How Lead In Recycled Electronics Can Poison Workers' Families

You don't need to go near an e-scrap facility to suffer the harmful effects.
Harrell's children, Jeriyah and Jeremiah.
Harrell's children, Jeriyah and Jeremiah.
Courtesy of Danielle Walker

In 2009, when Anthony Harrell accepted a job at an electronics scrap recycling facility in Cincinnati, he was happy to have found work that he liked and that would let him provide for his wife and two children.

Harrell’s job was to feed discarded computer monitors and televisions to the Angel-Devil, a truck-sized shredding machine that chopped up cathode ray tubes and ground the glass from the screens into powder. He earned $10 per hour for his labor.

After his eight-hour shift, clad in the same skully hat and street clothes he typically wore throughout each day, he would greet his family, waiting in a car outside. His infant daughter Jeriyah was especially eager to be held and hugged, he recalled recently.

He didn’t know that those cuddles were poisoning his baby.

The glass of the cathode ray tubes that Harrell disassembled every day for almost a year contained a huge quantity of lead -- a potent toxin that, if inhaled or ingested, can damage developing brains and organs, and harm adults’ reproductive and renal systems. Even a small dose, if it ends up in a child’s bloodstream, can stunt development and cause lifelong learning problems, doctors say.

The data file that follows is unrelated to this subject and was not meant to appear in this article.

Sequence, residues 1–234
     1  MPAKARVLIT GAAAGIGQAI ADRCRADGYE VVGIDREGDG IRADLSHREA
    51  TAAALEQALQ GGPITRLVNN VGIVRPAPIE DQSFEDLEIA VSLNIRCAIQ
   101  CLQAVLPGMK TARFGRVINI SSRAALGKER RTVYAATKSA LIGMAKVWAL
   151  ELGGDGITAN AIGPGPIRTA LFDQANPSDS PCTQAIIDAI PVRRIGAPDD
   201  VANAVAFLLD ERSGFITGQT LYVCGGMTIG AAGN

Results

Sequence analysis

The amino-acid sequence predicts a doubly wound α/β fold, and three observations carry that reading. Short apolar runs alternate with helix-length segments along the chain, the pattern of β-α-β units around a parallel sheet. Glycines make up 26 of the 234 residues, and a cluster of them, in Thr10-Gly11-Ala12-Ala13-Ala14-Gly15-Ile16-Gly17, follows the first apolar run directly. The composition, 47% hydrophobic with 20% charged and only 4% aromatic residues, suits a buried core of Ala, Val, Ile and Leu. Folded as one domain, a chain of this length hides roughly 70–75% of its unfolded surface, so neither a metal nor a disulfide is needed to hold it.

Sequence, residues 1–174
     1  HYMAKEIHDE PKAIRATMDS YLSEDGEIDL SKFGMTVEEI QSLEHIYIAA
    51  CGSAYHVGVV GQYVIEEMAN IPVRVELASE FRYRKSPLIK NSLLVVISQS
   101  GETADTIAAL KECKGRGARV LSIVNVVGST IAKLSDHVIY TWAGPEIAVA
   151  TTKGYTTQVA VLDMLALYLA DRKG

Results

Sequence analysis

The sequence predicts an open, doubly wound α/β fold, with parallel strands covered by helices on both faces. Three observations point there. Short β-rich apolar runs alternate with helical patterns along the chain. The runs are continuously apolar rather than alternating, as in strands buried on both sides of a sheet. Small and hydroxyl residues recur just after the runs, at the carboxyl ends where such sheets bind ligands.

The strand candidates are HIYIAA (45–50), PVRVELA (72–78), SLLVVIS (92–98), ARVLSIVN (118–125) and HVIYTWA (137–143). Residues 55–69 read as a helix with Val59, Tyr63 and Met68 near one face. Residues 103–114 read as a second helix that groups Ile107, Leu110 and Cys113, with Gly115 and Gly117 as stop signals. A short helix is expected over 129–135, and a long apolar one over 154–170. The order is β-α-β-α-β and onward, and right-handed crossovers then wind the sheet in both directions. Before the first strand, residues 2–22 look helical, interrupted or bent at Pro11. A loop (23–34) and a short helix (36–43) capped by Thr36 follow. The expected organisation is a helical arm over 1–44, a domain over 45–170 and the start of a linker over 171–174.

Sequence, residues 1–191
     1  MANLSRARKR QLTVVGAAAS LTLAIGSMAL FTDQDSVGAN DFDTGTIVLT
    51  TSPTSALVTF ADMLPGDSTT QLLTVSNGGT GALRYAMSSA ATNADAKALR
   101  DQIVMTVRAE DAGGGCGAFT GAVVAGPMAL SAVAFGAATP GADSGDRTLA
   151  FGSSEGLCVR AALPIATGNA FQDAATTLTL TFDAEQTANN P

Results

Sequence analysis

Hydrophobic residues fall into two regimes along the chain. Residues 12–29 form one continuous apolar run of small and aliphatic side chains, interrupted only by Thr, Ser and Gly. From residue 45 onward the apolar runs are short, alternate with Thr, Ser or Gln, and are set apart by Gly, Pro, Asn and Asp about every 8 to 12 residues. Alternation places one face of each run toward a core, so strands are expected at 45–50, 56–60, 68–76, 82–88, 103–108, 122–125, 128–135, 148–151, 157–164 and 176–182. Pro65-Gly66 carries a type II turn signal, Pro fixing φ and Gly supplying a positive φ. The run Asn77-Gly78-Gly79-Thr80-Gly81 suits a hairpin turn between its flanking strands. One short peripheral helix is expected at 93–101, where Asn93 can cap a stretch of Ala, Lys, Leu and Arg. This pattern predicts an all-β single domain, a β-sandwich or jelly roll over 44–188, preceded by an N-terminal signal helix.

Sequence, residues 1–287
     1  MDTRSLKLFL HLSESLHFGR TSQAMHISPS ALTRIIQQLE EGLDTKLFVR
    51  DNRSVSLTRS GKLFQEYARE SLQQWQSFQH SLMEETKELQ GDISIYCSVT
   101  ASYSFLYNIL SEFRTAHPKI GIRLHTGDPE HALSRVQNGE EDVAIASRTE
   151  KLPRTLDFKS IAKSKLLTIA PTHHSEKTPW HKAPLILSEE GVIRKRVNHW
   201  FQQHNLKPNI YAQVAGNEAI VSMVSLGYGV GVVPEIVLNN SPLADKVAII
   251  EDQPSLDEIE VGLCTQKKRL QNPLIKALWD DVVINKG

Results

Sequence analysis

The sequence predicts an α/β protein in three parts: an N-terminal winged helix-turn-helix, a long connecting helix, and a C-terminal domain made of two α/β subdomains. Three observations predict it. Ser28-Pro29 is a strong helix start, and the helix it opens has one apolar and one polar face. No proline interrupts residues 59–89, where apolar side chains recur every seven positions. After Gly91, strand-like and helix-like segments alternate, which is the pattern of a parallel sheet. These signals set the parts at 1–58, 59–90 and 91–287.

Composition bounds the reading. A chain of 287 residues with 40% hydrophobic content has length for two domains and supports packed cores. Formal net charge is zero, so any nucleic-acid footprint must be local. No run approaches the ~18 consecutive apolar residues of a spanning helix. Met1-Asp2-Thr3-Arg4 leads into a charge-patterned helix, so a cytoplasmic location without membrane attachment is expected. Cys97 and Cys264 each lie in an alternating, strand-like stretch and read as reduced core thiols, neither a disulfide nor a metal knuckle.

Each time Harrell’s children would touch his hair and hands, or hug him after work, they would inadvertently come in contact with the toxic metal, which is difficult to wash off with normal soap. Jeriyah, now 6, takes medication for attention deficit hyperactivity disorder, and has a hard time learning and staying focused. Her doctors say her difficulties stem from lead exposure. Her older brother was exposed, too, and both children are now being evaluated for behavioral and attention problems at Cincinnati Children's Hospital Medical Center, their mother, Danielle Walker, said.

“We have shed a few tears,” Harrell said. “I didn’t think that working on this job would put my kids’ health in danger.”

Most cases of lead poisoning stem from contaminated water, as is the case in the unfolding crisis in Flint, Michigan, or from old, peeling lead-based paint in aging homes or apartment buildings. But experts warn that the risk from dismantled consumer electronic devices, which often contain lead components, is also grave -- and poorly understood.

There are more than 1,400 electronic recycling facilities in the U.S., according to E-Scrap News, an industry publication. Together, they employ an estimated 45,000 people, mostly low-income and recently immigrated workers. In 2011, electronics recycling was a $20 billion industry, according to the Institute of Scrap Recycling Industries.

Harrell’s children are the nation’s first reported victims of take-home lead exposure from an e-scrap facility, according to Nick Newman, the director of the lead clinic at Cincinnati Children's Hospital Medical Center, which treated them. But occupational hazard experts who have evaluated e-recycling plants in several states are convinced that many more children have been exposed to lead, and are consequently at risk, than have been reported.